The fourth psychological thriller from Zoje Stage, Mother (Thomas and Mercer, March 2023) It is terrifying and claustrophobic, but it is not, as Stig vividly expressed in the author’s note, documenting the experience of the COVID-19 pandemic. The story of a mother and daughter having a complex relationship, confined to a home, with an unspecified pandemic as a backdrop, isolation creates turmoil that leads to horrific violence.
When Grace buys a house, then loses her job, it seems logical that her newly widowed mother, Jackie, would move into the house. They share a difficult past, with memories of Grace’s twin sister, Hope, who had cerebral palsy and died when they were both. Children, the catalyst for Grace’s nightmares and her descent into madness. What is real and what is not?
Mother Psychotherapy begins with reading a file containing information about Grace, his new patient, and the crime scene found by police when they were called to her home: “Blood oozes from the walls,” Steg wrote. “Over-killing was not uncommon in crimes of passion, where love and hate generated a frenzy of mixed feelings, deep and personal, but Ninety-one stab wounds? “
Insanity wafts into Grace’s explanation for her mother’s murder: “I had to do it. She was contagious”-[Grace’s] Salute as she opened the door to let the police in. A mist of decay spread out like a poisonous cloud, causing the uniformed officers to lie down. How did she live with the bad smell? And why?”
Stage told me that she never made a conscious decision about writing in a particular genre, but that she “was always drawn to dark stories where something weird was going on. I love reading page-turners and always felt I should write the kind of books I like to read.”
In late 2019, she was talking to her agent, Stephen Barbara of InkWell Management, and told him about being in her mother’s apartment and her thinking that “if we lived together, none of us would get out alive.”
Stig remembers Barbara’s reaction: “What a great concept—do it! You’re so good at dealing with moms and nieces,” referring to Stig’s 2018 best-selling appearance. baby teeth, about a couple with a mute child who, although seemingly a lovable girl, is bent on destroying her mother. And two other novels on stage delight with the fear factor: There’s 2020 Wondersabout a family leaving New York City only to discover something ominous lurking in the woods behind their new Adirondack ranch, 2021. step awayHiking the Grand Canyon turns into a version of hell.
Stage says her real idea of Barbara’s suggestion was that if she wrote it, “the mother and daughter characters should be so far removed from the reality of my mother and I without any relation to real life. I didn’t want to be in this prime space.”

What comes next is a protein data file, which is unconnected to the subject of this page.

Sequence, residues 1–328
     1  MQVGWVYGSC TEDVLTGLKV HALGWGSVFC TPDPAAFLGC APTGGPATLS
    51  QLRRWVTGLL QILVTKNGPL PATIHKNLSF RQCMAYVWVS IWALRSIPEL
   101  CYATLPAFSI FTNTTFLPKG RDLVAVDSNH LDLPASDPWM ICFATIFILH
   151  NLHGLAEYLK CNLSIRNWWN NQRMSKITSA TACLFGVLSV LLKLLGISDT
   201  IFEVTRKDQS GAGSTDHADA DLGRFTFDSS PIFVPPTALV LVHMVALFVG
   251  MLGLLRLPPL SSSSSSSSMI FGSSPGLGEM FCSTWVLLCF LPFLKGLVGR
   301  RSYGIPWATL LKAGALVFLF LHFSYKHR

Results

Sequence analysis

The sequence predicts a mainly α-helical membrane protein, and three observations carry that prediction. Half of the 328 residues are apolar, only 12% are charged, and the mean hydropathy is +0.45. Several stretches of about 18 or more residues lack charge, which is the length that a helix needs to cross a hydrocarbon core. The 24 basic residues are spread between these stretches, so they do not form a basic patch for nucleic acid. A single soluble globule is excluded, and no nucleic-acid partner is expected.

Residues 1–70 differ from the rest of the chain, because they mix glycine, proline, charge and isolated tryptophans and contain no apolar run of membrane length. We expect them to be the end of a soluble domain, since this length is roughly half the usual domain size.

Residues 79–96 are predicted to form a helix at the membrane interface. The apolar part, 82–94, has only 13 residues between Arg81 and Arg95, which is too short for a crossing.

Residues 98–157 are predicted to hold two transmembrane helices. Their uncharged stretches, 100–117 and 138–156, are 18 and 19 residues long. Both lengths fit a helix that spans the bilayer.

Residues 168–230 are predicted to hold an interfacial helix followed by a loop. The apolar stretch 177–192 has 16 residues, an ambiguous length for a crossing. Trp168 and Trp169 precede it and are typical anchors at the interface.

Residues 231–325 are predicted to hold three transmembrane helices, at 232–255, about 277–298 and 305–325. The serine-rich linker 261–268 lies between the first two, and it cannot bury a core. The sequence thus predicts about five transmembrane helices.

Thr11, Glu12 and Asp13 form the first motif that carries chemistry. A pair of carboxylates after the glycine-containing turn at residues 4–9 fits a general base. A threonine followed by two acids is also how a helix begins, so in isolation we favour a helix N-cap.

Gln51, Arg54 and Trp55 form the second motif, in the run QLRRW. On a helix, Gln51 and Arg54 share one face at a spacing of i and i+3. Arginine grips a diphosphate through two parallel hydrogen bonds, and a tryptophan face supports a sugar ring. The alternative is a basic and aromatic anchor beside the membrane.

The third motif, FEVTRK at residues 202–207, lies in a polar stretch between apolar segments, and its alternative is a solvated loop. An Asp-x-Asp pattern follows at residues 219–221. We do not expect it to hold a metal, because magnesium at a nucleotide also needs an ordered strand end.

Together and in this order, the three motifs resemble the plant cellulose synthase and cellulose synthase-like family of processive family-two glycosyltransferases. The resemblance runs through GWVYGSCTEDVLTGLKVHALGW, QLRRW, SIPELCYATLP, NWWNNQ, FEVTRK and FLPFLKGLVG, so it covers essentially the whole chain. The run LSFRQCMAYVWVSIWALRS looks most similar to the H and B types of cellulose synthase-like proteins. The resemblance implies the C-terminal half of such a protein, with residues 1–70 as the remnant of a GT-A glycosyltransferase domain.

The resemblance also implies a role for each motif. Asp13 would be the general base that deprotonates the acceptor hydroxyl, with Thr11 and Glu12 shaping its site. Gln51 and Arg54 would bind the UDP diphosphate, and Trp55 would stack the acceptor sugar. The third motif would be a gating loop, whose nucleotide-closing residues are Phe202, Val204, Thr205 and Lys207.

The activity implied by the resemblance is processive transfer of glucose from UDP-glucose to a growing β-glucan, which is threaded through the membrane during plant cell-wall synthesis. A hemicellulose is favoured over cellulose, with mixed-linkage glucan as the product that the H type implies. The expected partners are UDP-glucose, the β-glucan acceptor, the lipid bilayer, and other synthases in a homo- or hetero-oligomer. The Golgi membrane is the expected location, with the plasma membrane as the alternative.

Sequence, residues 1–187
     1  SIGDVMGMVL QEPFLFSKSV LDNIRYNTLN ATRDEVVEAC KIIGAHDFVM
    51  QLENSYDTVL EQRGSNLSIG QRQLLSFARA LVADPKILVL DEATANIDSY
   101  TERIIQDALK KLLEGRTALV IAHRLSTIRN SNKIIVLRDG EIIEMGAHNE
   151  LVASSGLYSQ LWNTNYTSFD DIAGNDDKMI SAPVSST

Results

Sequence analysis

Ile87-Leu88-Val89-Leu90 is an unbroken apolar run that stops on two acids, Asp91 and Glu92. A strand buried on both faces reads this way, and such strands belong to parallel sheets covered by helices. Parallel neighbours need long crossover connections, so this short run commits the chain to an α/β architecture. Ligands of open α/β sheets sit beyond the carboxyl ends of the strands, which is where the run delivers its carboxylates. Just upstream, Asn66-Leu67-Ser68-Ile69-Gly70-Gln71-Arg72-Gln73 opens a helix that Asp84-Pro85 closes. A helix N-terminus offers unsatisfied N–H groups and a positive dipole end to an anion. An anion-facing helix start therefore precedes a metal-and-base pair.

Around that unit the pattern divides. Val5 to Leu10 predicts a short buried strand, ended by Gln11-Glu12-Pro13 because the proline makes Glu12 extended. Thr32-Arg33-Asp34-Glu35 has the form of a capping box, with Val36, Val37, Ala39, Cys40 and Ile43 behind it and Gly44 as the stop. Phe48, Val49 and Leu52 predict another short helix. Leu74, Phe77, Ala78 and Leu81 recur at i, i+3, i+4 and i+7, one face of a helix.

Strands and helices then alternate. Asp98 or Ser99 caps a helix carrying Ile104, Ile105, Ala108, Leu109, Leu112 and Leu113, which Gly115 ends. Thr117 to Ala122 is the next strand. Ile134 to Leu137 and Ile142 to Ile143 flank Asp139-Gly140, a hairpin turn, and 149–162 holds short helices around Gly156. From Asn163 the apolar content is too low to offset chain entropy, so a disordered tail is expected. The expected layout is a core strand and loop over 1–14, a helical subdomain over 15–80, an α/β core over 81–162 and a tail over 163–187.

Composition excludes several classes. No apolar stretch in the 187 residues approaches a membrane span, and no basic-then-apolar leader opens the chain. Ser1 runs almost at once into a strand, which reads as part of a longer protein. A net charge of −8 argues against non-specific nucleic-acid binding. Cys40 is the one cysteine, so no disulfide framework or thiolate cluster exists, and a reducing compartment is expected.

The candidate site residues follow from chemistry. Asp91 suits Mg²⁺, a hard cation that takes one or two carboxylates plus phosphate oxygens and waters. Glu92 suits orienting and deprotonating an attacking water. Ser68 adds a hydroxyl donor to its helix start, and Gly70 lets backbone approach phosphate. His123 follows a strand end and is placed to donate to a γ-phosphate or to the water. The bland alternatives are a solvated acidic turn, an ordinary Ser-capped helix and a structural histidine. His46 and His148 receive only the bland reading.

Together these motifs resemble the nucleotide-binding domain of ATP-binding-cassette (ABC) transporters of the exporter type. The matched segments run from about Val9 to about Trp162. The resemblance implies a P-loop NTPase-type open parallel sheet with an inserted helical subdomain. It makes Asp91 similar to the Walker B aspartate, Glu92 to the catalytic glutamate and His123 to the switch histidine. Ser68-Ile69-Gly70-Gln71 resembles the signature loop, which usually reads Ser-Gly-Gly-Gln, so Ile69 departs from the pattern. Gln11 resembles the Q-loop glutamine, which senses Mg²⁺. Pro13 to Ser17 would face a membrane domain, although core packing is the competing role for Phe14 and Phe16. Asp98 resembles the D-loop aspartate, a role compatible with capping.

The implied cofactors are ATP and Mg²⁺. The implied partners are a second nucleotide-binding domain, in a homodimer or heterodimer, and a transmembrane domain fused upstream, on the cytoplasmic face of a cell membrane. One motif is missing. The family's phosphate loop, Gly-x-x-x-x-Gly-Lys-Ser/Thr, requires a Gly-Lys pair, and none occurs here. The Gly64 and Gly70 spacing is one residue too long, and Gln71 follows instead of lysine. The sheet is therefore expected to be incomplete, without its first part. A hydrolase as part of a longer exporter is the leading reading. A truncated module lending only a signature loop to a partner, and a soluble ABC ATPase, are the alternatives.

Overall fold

She started writing in April 2020. “At that moment, we didn’t know what we were into,” she says. “I wasn’t thinking about the pandemic, but it crept into the book. I was thinking about claustrophobia to live with someone and stay haunted by your past, and your past is showing up physically in your life.”
Stage adds that she “loved writing chapters where things get derailed, and nightmares.” The book took a year and a half, while she says, “I usually have a draft in three to four months.” “I learned important things from this book: taking time, knowing my voice, and being important.”
The idea of twins evolved from the idea of sisters. Stig has a sister who is very close in age, and says that “people thought we were the same but internally very different.” She wanted the sister’s death to be “a long-term trauma to Grace and her mother.”
Barbara says he was in Los Angeles eating lunch at Cavatina’s at the Sunset Marquis in 2019 when he got a call about Stage looking for an agent. “I knew her work and was excited to hear that she was looking,” he recalls. “Zoje has such a talent for dark family stories. We spoke on the phone, and I signed on with her in August 2019.”
manuscript Mother It was ready in fall 2021 and Barbara sent it out on a large scale. “I felt Mother It was something special.” “It was deep with real energy, creepy and unsettling.” Note that there was a lot of interest and good feedback — as well as hesitation about the fact that it’s an epidemic novel.
But Liz Pearson, senior editor for acquisitions at Thomas & Mercer, was excited from the start. “Liz totally got it,” says Stage. “I totally understand.”
When Pearson received the order from Barbara, she “dipped it in,” she said. Bring Pearson Mother For the acquisition team and a few weeks later he secured a contract for global English rights.
“It’s unusual for a deal to go through so quickly or to have the bandwidth to spend time with one book, but it happened with Mother“ Pearson says. “The book is stimulating, timely and fun to read. Is the dream/nightmare sequence real or not? I love puzzles and thrillers, the darker the better. Books that have a scary element but are fast paced and characters driven.”
Barbara says, “What we loved about Liz was that she saw Zoje as a career, not a single book. She saw the future and potential of Zoje. At first she wanted a two-book deal.”
Originally a filmmaker—she’s “written, directed, and produced many zero-budget films,” according to her autobiography—Stage says she was initially intimidated by the idea of writing a novel but realized that meant wearing all the hats now, “I’m a lifelong hookah. “
I leave you with one picture that stayed with me: Grace playing paper dolls with Hope, who says her doll needs a handbag—something small and soft. “Cut your earlobes,” she told Grace. “It would be good.”
A version of this article appeared in the 11/14/2022 issue of Publishers Weekly Under the title: Just the two of us